If you’ve ever wondered who invented the first bicycle, you’ve come to the right place. We’ll be looking at some of the most important inventors of the modern bicycle. You’ll learn about Joseph Niepce, Ignaz Schwinn, Karl von Drais, and John Kemp Starley.
Bicycles are a long-standing part of American life. But during the Great Depression, the bicycle was quickly replaced by automobiles. Ignaz Schwinn, a German immigrant, established a successful Chicago bicycle company during this period. The Schwinn Bicycle Company is still one of the top bike manufacturers in the U.S. Today, the company sells 1 million bikes per year.
Schwinn is a leading bicycle manufacturer and has a reputation of quality and building some of the most memorable and iconic bicycles ever made. Their bikes set the standard in the industry and were regarded as the best bikes for many generations of American children.
The company was originally located on Fulton Market District’s Lake & Peoria streets. In 1911, it moved to the west. The company produced 25,000 bicycles in the early 1900s. They were sold to department stores, mail order giants, and other bicycle retailers.
Most notably, Kirkpatrick Macmillan is credited with inventing the first bicycle. He was born in Keir (Dumfries and Galloway), Scotland. His father was a blacksmith. Mackmillan’s bicycle was a pedal cycle, which consisted of a front wheel steerable in the direction of the rider, and a rear wheel which was driven by a system of connecting rods.
The first pedal bicycles were heavy, with riders having to exert considerable physical effort to ride them. The first pedal bikes were inefficient and uncomfortable. They were also not suitable for road use.
Macmillan wanted to create a self-propelled vehicle that could easily be operated by someone using a treadle. However, his idea didn’t take off.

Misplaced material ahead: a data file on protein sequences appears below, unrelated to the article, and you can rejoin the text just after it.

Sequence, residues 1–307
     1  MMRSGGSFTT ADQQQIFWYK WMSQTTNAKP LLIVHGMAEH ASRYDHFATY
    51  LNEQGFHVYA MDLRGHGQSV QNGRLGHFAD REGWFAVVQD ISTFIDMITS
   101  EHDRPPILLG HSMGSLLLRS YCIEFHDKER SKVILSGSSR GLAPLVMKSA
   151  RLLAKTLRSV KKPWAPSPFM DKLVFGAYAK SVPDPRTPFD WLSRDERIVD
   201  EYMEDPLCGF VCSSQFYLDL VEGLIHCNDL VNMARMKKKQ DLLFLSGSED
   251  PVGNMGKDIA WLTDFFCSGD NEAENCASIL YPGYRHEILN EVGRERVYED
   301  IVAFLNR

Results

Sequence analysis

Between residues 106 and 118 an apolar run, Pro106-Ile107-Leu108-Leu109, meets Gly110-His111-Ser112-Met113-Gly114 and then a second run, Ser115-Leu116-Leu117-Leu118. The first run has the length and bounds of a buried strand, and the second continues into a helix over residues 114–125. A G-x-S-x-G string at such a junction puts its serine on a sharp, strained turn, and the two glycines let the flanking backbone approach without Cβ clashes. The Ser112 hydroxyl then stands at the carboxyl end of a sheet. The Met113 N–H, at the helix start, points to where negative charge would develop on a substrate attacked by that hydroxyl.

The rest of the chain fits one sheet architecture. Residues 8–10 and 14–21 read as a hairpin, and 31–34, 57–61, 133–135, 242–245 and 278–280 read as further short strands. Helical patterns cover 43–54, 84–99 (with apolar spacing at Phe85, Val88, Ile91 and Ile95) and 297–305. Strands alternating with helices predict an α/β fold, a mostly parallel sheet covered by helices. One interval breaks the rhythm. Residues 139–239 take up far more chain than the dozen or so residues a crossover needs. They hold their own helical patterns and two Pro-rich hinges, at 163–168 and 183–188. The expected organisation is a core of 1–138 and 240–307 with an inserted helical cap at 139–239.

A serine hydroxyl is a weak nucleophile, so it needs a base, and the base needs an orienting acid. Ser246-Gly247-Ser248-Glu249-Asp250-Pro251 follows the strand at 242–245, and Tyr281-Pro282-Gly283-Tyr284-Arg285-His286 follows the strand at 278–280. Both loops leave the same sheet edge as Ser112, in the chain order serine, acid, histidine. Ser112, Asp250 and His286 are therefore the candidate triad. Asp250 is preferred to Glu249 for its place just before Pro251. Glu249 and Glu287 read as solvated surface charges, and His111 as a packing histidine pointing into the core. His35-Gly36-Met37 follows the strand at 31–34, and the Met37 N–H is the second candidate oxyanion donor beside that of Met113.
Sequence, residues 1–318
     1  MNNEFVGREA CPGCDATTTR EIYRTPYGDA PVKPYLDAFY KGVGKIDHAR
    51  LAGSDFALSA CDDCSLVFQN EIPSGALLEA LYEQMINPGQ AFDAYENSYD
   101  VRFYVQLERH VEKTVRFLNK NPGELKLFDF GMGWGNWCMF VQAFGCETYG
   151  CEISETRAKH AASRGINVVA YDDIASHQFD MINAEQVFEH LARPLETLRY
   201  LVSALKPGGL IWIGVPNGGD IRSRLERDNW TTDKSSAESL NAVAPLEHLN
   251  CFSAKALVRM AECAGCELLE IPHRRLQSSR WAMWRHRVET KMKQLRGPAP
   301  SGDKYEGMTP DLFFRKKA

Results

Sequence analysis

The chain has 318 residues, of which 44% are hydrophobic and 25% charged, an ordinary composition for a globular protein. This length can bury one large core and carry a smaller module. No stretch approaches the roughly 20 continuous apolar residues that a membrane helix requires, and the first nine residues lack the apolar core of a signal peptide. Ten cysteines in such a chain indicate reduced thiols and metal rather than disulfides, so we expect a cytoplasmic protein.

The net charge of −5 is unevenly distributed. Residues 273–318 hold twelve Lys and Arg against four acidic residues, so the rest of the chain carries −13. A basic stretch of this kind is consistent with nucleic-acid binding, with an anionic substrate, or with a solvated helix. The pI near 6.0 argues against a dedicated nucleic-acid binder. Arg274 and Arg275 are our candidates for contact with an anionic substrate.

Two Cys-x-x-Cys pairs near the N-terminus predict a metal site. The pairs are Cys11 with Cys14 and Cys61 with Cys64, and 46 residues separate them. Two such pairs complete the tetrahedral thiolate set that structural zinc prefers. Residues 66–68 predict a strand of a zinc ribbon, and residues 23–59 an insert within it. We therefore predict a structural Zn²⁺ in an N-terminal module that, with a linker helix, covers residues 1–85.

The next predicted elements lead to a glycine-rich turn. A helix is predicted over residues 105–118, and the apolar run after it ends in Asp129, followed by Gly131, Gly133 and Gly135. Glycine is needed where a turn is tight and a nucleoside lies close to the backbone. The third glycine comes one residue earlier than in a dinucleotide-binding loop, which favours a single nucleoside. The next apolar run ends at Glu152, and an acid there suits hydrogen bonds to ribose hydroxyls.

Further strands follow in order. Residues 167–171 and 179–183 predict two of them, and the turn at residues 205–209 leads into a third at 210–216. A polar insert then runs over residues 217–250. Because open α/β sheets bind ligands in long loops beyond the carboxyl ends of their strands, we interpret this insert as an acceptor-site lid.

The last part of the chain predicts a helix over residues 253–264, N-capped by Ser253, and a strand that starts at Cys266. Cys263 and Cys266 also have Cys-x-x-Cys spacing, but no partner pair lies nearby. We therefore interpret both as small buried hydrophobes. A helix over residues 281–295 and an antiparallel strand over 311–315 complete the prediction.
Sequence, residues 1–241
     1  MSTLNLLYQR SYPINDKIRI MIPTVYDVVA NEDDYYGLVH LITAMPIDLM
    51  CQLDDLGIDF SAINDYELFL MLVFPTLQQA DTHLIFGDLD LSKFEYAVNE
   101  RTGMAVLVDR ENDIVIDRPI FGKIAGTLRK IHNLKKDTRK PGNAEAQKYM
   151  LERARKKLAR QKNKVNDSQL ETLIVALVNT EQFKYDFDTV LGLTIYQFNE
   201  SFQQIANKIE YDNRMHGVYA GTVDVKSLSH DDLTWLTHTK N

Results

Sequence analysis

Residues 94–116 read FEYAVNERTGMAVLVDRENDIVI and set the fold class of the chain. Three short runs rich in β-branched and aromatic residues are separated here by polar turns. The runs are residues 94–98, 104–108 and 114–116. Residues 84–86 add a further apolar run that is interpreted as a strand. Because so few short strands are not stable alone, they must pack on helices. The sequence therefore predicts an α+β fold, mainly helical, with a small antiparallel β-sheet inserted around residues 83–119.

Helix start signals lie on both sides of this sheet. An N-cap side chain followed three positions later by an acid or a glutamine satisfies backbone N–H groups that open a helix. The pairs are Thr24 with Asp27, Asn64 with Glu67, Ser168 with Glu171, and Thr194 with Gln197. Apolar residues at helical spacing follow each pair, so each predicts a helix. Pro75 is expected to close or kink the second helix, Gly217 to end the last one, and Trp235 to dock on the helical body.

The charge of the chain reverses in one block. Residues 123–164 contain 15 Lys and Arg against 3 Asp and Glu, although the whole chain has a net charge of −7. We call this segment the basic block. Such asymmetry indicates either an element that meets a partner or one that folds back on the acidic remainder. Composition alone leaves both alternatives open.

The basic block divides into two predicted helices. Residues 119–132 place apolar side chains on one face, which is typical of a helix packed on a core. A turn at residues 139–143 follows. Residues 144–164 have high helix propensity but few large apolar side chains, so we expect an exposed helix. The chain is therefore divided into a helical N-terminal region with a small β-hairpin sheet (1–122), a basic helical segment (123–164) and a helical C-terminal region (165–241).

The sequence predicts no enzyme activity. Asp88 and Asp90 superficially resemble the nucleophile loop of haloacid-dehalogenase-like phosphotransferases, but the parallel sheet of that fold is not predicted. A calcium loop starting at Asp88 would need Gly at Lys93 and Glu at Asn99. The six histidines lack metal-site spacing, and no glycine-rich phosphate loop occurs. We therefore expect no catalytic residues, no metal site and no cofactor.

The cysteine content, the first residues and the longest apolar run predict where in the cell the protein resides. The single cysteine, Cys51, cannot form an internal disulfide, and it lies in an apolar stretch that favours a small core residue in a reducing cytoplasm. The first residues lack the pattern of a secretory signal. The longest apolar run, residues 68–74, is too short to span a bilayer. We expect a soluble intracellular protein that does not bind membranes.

Macmillan created a prototype for a pedal-driven bicycle in 1839. It was made of wood and had iron-rimmed wooden tires. These wheels were driven using a system that included foot pedals and connecting rods.
Karl von Drais
Karl von Drais is the father of the bicycle. He invented the first bicycle in 1817. His invention is known by many names, including the bicycle and the velocipede.
He developed several innovations, including a wood-saving cooker and a cooking machine. He was the first to invent a keyboard in 1821. By the mid-19th century, he had a complete line of four-wheeled vehicles.
The first bicycle had wooden wheels with iron wheels. The front wheel was used for steering and power, while the rear was for braking. Later, the pedals were also added.
Drais drove in less than an hour using this device from Mannheim to Schwetzingen. He also drove to Baden-Baden.
Drais’ invention evolved over the years, eventually becoming the “running device.” But he was not recognized for his technical accomplishments until his death.
John Kemp Starley
JK Starley was a British industrialist who invented the first bicycle. His invention was a safety cycle with a chain drive that revolutionized cycling.
Bicycling was a nascent industry that employed thousands. By the mid-1880s, bicycle sales were booming. New products were being manufactured and exported to the rest of the world.
John Kemp Starley’s early inventions included a bicycle with a small rear wheel and a pivot-center steering. He also invented a chain-driven differential gearing that can be used on four-wheeled bikes. These innovations were later used to make motor cars.
After leaving the Coventry Machinists’ Company, Starley went into business with his uncle, James Starley. They started a cycle manufacturing company in 1877. Starley and Sutton were the founders of the company, which manufactured tricycles and bikes.
The company’s first model was the Ariel, a light, all metal bicycle. The large front wheel made the bicycle more efficient for pedal strokes. It was however dangerous because of the height of its saddle.
French scientist and inventor Joseph Nicephore Niepce. Many of his inventions were credited to him, including the invention of the bicycle. His work in chemistry and inventions also included an internal combustion engine.
The Niepce family had been trained in Catholic tradition. They served in the French army during the Revolution, and became King’s Counselors during the reign of Louis XVI. Their family estate in Chalons-sur-Saone produced sugar and beets.
In 1818, when he was a young man, Nicephore worked on a machine that he called the velocipede. This was an early version, without pedals, and featured a saddle that could be adjusted.
He was also interested in lithography, a new art. He hoped to show his plates to King George IV.